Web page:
At 13 years old, David Hermosillo took his first role in the theater as a clown in “Carnival.” He said he is still a clown, almost 20 years later.
His dad hoped he would be a doctor, but lucky for Hermosillo, one of his four siblings is now a pre-med student at the University of Oregon.
“If you want to make yourself invaluable to theater, learn how to sew,” his mom told him.
He took this advice and ran—at first, around the world—with it.
Trying to escape his hated home state of Texas has taken Hermosillo to places as distant as Prague in the Czech Republic.
But for now, Hermosillo has landed in McMinnville as adjunct professor of theatre and communication arts and staff costume designer for the theater department.
“Theater jobs are hard to come by if you’re lazy,” he said.
Lazy is exactly what Hermosillo is not.
In November, he finished the First National Tour of “I Love a Piano” as wardrobe master. Before that, he was the assistant wardrobe master with the Nevada Ballet.
His job at Linfield’s varies daily. Some days he is teaching an introduction to theater class, and others he is doing freelance work. At other times, he works exclusively on costume design for the theater’s next production, “Crave.”
Costume and other work research has taken Hermosillo many places, including downtown Portland to find inspiration in the punk culture for a character in “Crave.”
Hermosillo split right after graduation from his high school in Texas to Carleton College in Northfield, Minn., where he graduated with a bachelor’s degree in English. He took some time off and then earned his master’s of fine arts degree in theatrical design from the University of Oklahoma in 2006.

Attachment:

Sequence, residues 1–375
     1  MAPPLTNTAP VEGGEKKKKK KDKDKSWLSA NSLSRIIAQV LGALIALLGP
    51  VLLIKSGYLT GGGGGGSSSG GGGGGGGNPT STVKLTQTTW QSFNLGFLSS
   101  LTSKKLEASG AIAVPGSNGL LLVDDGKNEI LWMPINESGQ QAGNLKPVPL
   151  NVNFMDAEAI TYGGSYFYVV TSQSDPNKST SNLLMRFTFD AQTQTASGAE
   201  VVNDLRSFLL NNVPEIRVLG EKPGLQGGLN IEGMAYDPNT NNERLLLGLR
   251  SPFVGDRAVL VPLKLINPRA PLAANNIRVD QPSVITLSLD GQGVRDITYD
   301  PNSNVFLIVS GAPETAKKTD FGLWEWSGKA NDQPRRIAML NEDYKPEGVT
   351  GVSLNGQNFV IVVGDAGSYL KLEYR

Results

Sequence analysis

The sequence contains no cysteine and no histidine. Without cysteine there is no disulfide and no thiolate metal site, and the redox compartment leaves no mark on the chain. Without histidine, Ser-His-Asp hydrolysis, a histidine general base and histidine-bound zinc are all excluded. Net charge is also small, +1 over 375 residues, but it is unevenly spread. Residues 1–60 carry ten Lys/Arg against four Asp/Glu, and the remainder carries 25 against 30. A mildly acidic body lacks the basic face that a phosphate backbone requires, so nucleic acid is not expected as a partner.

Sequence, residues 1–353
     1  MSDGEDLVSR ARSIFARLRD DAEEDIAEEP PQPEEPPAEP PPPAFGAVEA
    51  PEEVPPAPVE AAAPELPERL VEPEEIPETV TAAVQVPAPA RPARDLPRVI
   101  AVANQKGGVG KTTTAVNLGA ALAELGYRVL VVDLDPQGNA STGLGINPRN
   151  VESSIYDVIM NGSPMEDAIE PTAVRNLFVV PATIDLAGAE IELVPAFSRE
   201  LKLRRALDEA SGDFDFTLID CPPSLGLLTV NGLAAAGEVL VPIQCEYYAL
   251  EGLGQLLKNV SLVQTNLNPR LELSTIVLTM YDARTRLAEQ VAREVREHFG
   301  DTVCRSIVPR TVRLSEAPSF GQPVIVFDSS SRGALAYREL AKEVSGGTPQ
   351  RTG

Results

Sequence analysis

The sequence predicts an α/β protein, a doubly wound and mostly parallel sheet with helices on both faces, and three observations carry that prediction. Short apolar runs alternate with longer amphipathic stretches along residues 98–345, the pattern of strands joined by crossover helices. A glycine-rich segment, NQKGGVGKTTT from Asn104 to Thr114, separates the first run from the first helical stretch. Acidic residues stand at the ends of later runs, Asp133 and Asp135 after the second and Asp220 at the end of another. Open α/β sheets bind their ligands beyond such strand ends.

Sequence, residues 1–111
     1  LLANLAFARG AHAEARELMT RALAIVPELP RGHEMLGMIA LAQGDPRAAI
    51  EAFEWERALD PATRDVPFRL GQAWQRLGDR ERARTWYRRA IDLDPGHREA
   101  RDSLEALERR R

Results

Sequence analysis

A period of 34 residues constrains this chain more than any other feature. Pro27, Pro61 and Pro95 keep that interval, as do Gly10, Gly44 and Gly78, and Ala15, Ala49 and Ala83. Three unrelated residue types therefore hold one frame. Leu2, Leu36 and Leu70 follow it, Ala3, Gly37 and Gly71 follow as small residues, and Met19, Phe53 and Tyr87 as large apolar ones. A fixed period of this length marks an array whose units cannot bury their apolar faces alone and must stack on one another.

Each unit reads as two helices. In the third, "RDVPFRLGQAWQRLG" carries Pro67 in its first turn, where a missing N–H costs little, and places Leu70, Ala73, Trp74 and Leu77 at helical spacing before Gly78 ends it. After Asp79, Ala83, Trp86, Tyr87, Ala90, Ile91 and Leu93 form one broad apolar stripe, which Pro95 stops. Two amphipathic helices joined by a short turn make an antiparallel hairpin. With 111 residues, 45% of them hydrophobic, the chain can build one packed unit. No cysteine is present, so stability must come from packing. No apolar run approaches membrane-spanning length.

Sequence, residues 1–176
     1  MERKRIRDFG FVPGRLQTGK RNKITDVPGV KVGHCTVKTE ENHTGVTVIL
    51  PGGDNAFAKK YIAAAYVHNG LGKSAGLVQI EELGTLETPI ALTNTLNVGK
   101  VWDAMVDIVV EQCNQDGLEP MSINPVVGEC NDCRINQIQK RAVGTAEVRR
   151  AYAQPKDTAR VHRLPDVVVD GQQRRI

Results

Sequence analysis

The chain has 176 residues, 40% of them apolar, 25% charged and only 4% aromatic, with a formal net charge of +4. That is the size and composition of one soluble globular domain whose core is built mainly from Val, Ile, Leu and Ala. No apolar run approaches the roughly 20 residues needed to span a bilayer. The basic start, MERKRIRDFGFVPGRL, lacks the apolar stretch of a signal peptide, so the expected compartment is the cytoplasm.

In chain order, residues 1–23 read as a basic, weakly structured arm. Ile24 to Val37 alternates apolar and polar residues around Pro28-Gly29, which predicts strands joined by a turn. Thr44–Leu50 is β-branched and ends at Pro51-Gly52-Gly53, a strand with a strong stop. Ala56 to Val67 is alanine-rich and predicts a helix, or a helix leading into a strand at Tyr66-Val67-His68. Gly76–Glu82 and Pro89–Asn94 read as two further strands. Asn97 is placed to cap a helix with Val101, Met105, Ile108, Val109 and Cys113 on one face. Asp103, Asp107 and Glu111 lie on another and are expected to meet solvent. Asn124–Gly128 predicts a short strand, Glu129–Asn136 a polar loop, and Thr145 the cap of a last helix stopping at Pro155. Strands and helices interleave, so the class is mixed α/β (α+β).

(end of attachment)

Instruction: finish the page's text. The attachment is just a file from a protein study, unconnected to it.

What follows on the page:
He was hired at Linfield in early December and started teaching in January. His first class, Intro to Theater, combined the perspectives of theater majors and non-majors, an aspect of the class he really enjoys.
“I’m fascinated with fresh new opinions,” he said.
Q&A with Hermosillo
The Linfield Review: What is your favorite part of the theater?
David Hermosillo: The first dress rehearsal when the lights, costumes and set all come together. You’re in a virtually empty theater. All the performers come together on stage. That joy, to me, is so rich. The work is worth it for the rush I get when I see the clothes out there.
TLR: How important is attention to detail?
DH: Attention to detail is very important in my job, especially in an intimate show like “Crave,” when you only have four characters on stage all the time. All the details have to be right. I hate when I watch a movie or play and it feels sloppy. So when I work, I work in a way that feels and will look natural. I’m always critiquing media, and I think it makes me a better artist. I approach it from a holistic, constructive view.
TLR: What is your personal style while costuming?
DH: I like to play with the toys that are there. I always try to find a little bit of a different hook to work on. I do, however, sort of have a hallmark. I’ve managed to work a piece of clothing that I personally own into every show I’ve designed. I started working on smaller shows that had relatively tiny budgets, and so I started out lending appropriate things to productions. By the time I’d done four or five shows, I realized that I’d done this and thought it was a nifty thing to continue doing.